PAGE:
UAE and Egypt recruiting and training secret Somali forces

In the heart of Somalia’s capital Mogadishu, a secret initiative is being carried out by the UAE and Egypt to recruit and train nearly 3,000 young Somali men, multiple sources have told Middle East Eye. 

In an exercise that began months ago, the recruits, aged between 18 and 28, have been promised well-paid jobs, with many of them already sent to Egypt for military training, paid for by the UAE.

The initiative is likely to be perceived with suspicion in neighbouring Ethiopia, locked in an ongoing spat with Cairo over its Great Ethiopian Renaissance Dam Project, as well as in Turkey and Qatar, who have both enjoyed influence in Somalia in recent years. 

‘Nearly 120 of us were recruited from Baidoa around mid-September, and we were informed that we would be taken to Egypt for training’

– Mohamed, Somali recruit

Among those housed at Mogadishu’s Damanyo barracks is the younger brother of Mustafa Abdullahi. 

Abdullahi is anxious for his younger brother, who he asked not to name, a former rickshaw driver aged 28. 

Addullahi told MEE he was angry at authorities for convincing his younger brother to join up, which he believes he did in order to provide for his young daughter. 

“As his elder brother who raised him, he had not notified me when he was leaving, and we are worried about him,” said Abdullahi. 

“We have now been told that he is suffering in a camp in Mogadishu and is expected to be taken to Egypt for military training. 

“I also learnt that he was promised a salary of about $500 a month,” Abdullahi, who lives in Baidoa, a city in southern Somalia, told MEE.
Unlike Mustafa’s brother, another recruit named Mohamed, who asked for his real name to be withheld, was able to escape from the camp in the early hours of Saturday.

Mohamed, who was held with Mustafa’s brother and who had his smartphone seized on arrival, said he could not bear the gruelling conditions at the camp, including a lack of adequate food and medical facilities.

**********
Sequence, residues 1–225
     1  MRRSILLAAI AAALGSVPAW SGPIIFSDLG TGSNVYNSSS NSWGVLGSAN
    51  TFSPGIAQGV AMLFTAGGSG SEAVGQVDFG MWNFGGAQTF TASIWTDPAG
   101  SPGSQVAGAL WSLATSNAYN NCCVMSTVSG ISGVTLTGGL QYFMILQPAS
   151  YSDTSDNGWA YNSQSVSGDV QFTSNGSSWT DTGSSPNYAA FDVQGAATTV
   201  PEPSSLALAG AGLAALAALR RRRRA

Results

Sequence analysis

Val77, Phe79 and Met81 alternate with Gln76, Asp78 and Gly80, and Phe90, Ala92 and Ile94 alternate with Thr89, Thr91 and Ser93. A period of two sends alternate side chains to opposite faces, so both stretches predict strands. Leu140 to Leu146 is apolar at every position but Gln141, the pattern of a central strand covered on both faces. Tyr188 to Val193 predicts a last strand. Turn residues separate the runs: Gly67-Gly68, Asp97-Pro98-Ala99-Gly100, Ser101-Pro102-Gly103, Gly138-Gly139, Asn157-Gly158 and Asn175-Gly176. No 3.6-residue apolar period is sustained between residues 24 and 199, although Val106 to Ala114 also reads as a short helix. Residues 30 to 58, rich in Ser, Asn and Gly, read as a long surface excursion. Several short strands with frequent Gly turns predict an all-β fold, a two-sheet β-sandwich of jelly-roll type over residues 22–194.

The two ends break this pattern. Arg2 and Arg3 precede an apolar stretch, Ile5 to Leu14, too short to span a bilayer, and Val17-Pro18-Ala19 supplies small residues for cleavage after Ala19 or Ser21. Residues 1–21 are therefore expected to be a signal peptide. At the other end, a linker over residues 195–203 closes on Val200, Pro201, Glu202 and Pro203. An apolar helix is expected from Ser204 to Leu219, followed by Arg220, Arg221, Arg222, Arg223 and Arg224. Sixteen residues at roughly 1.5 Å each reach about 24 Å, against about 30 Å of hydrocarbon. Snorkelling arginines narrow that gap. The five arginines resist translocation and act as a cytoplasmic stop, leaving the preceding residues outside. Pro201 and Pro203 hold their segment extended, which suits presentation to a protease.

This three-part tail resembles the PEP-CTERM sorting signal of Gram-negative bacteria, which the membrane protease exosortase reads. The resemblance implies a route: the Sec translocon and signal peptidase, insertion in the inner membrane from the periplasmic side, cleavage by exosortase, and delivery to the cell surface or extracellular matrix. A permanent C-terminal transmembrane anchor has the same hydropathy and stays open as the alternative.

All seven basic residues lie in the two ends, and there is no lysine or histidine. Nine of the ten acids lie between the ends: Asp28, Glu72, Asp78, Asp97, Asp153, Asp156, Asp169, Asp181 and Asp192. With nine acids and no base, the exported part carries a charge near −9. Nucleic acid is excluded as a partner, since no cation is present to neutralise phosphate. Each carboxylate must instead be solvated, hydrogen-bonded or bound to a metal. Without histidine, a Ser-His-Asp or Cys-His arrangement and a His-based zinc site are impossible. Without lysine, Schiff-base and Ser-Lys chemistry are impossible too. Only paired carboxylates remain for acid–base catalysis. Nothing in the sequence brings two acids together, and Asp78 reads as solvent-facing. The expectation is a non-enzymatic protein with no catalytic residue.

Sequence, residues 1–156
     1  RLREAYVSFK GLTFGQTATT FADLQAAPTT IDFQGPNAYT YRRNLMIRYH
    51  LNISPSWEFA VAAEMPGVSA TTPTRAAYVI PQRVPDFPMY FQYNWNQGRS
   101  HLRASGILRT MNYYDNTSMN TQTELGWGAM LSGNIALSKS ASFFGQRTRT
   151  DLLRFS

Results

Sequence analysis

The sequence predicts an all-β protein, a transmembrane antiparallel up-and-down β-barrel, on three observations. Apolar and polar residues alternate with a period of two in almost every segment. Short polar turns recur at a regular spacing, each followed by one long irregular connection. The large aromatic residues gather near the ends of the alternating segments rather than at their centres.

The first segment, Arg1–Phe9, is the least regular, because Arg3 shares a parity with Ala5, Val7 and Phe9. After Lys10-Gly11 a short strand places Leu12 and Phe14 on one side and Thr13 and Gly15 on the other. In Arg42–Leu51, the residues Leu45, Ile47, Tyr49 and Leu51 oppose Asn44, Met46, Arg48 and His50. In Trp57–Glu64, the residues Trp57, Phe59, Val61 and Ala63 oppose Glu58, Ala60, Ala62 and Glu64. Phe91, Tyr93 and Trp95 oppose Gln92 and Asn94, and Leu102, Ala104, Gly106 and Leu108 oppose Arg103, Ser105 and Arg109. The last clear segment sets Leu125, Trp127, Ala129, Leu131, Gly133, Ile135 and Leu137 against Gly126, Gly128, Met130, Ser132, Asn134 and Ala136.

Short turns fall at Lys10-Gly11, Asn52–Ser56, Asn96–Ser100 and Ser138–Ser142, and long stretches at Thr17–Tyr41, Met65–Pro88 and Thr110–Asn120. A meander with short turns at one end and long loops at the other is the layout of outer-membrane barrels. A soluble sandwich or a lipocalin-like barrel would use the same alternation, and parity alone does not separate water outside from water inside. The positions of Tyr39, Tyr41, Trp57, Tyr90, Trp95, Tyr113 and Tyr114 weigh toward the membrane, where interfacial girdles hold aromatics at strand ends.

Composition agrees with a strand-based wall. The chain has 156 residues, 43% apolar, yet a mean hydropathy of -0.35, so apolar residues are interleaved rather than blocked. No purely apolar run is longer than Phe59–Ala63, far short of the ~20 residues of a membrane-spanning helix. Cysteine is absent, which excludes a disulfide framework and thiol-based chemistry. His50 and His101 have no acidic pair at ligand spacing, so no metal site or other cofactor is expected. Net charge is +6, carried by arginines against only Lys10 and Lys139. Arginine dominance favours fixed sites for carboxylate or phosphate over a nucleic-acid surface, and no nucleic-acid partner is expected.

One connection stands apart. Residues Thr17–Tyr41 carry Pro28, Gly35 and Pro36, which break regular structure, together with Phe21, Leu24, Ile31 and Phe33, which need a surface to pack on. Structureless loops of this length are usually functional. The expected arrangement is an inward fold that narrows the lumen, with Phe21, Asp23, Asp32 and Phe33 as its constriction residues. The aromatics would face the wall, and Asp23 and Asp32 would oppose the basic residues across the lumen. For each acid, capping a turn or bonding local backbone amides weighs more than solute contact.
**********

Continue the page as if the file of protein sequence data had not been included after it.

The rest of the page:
Deaths inside camps

He said conditions were so bad that five of the recruits died in mid-October.×90&×90%2C0x0&nras=1&correlator=6993465571171&frm=20&pv=1&ga_vid=1125038049.1667472266&ga_sid=1667472266&ga_hid=1389241337&ga_fc=1&u_tz=180&u_his=2&u_h=1080&u_w=1920&u_ah=1040&u_aw=1920&u_cd=24&u_sd=1&dmc=8&adx=323&ady=2256&biw=1903&bih=937&scr_x=0&scr_y=0&eid=44759876%2C44759927%2C44759837%2C44774648%2C42531706%2C44774652%2C44775017&oid=2&pvsid=2088167072686679&tmod=1563926480&uas=0&nvt=1&!2&btvi=1&fsb=1&xpc=cTlPgCEzck&p=https%3A//

“Nearly 120 of us were recruited from Baidoa around mid-September, and we were informed that we would be taken to Egypt for training,” Mohamed told MEE.

“I opted to join since I was told it’s money-making. We were around 2,000 recruits at the camp,”

He added that a senior Somali security official had notified them that UAE was reviving its security presence in Somalia and they would soon be travelling to Egypt for training.

The recruits, most of whom are from destitute families, underwent thorough medical and security background checks before they were enlisted, signing up to provide for their loved ones in a country where nearly seven out of 10 people live in poverty.

UAE funding

Speaking on condition of anonymity, senior Somali government officials who are privy to the matter, told MEE that individuals secretly carry out recruitment at the office of the president, in collaboration with security personnel from the UAE and Egypt.

“I have recruited more than 50 of them from my clan, and they have been flown to the capital to go through the process,” a senior Somali political leader said. 

“Many of the clans are not involved, and I understand that this is a joint project where the United Arab Emirates will fully fund the process while Egypt will carry out the training exercise.”

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